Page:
And she adds that YogaRoots On Location thrived on multiple levels despite the loss during the COVID era. Part of their mission is to empower people through employment on a living wage along with the physical exercise and spiritual practice of yoga.
YogaRoots On Location is also a place suitable for those who are new to working against racism and oppression. How these two topics intersect, one might wonder, but Friedman says that there are many principles that are complementary to one another.
One of the commandments is nonviolence and the promise not to cause harm. As part of their practice, yogis vow to do no harm in their daily life and to practice nonviolence. According to Friedman, the aspect of nonviolence is crucial for both yoga and the work against racism. “Oppression is about people not seeing their own power. If people really see their power and worth and are encouraged to do their best, we’re not going to oppress each other,” Friedman says. “We won’t feel this level of competition. We will see each other’s gifts and work together. “
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Felicia Savage Friedman (top left) and members of the AntiRacist Raja Yoga group, including Shelly Regner, Antiracist Raja Yoga teacher and facilitator and social worker (top right); Sheba Gittens, anti-racist Raja Yoga practitioner, healing mother and teacher / moderator (center left); Naomi Ritter, marketing specialist and yoga teacher in training (center right); and Lori Crawford, Grant Fairy and Creativity Curator (below) pose for a zoom portrait on April 22nd.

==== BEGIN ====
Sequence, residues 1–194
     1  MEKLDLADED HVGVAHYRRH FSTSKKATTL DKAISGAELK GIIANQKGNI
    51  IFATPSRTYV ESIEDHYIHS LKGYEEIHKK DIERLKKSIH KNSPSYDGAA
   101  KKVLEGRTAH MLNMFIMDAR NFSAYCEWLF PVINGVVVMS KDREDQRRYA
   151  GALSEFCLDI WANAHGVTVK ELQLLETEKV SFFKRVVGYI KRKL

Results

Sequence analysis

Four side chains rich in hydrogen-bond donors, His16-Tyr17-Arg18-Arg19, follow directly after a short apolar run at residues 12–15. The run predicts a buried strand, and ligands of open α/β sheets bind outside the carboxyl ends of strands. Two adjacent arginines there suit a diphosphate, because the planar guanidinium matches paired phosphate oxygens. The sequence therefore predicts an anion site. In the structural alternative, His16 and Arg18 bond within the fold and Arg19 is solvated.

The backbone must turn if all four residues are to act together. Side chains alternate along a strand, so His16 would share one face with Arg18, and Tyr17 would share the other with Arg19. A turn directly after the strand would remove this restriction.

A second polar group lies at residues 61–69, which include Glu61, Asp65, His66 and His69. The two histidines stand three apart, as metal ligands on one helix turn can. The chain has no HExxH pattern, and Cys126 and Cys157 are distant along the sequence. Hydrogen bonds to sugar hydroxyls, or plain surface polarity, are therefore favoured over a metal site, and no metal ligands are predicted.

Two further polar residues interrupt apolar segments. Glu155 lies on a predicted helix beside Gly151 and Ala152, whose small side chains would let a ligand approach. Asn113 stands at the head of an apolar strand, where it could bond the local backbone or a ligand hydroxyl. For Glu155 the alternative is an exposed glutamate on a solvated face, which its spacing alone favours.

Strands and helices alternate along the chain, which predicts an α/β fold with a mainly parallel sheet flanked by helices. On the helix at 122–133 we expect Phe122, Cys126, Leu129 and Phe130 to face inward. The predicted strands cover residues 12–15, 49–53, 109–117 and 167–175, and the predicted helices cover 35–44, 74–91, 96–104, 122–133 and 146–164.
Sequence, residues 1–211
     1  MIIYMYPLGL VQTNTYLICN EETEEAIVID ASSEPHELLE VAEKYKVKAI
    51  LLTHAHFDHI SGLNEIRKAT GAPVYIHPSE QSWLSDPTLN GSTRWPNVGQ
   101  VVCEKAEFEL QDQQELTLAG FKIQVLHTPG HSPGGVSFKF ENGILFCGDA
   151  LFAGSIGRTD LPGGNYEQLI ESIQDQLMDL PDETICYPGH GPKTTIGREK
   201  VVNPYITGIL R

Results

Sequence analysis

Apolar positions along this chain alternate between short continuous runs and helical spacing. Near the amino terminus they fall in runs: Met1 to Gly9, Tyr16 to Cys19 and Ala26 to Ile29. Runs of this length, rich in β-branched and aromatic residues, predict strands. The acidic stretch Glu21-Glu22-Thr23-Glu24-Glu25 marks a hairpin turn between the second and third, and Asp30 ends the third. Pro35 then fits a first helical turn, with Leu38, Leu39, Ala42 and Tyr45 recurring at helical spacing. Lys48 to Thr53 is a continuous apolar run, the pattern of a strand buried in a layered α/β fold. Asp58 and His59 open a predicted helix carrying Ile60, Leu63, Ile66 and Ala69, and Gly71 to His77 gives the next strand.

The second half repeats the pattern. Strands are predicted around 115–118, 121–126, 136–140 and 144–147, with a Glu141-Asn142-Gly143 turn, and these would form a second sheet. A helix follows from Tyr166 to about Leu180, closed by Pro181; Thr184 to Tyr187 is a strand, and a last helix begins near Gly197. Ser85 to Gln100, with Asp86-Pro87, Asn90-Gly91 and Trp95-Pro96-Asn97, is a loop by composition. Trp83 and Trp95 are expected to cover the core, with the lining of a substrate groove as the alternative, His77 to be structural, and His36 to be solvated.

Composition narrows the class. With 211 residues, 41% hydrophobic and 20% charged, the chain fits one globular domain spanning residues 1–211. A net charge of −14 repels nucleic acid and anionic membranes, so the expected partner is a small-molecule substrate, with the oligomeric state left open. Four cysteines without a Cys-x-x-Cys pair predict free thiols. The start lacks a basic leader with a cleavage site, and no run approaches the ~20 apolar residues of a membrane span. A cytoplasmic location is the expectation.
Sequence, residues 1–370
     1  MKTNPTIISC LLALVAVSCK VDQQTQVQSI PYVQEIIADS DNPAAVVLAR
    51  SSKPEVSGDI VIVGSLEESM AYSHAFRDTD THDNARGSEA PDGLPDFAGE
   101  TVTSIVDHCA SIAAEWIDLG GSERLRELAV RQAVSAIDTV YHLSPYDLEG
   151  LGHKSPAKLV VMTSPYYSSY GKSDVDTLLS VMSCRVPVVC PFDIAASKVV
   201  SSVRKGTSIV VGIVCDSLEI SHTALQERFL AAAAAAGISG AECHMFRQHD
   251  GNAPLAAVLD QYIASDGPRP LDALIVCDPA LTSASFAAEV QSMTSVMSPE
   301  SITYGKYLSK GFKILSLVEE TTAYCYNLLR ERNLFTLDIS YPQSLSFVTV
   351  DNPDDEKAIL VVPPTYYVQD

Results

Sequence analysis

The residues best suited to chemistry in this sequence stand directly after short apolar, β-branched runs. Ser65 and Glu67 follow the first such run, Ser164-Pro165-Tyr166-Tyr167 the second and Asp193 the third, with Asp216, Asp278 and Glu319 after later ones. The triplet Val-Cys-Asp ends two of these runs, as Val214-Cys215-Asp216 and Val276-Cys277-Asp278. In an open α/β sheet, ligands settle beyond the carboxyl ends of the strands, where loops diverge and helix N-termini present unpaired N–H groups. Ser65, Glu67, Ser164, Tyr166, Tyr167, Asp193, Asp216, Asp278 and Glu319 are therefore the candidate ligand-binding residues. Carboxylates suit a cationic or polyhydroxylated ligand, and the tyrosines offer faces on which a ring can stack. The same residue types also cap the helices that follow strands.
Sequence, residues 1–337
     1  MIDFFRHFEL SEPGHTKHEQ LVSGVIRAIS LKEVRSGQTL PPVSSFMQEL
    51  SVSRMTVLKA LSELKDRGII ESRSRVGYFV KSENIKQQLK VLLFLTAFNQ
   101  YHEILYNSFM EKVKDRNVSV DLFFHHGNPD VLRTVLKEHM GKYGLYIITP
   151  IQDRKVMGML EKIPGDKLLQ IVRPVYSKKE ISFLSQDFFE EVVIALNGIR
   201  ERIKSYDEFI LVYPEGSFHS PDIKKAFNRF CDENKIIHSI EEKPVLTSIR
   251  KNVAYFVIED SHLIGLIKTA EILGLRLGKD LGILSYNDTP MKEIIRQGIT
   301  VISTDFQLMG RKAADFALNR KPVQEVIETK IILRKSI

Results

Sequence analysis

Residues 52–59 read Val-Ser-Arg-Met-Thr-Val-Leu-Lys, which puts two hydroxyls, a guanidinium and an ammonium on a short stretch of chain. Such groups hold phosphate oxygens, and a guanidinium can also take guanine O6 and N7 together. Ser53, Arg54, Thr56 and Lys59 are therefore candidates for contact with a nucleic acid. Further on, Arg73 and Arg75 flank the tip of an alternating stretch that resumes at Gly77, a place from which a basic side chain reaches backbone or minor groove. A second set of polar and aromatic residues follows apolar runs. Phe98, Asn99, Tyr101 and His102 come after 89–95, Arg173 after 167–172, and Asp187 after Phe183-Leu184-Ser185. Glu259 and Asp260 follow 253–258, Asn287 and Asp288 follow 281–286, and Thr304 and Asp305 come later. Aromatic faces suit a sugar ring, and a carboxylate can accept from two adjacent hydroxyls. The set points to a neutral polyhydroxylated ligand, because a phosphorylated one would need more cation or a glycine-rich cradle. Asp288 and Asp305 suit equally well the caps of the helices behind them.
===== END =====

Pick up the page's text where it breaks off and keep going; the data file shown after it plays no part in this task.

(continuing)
She says that part of her job as a yoga teacher is helping people live their most incredible lives, and that can’t happen in an oppressive society. Therefore, they combine the two to create a more equitable experience. She says just like we see animals in nature coming together to work together for the home base, we as humans must do the same.
Friedman focuses her teachings on the eight limbs of Raja Yoga that she practices: intrapersonal limitations such as purity, contentment, self-study, self-discipline, surrender to higher power; interpersonal observations: non-violence, moderation / celibacy, non-possession, non-hoarding; Exercise practice; Breathing techniques; sensory withdrawal; Concentration; universal meditation; and purposeful life.
She says that the seventh link – universal meditation – has to do with being determined.
“If I am with you now because I am determined and focused, then you get energetic from me that you are important to me because I share my time and my energy with you,” says Friedman. “I think that’s the opposite of racism or patriarchy because oppression doesn’t recognize us. It’s about power over. It’s not about sharing and honoring. “
YogaRoots on site. yogarootsonlocation.comThis community function is made possible by the financial support of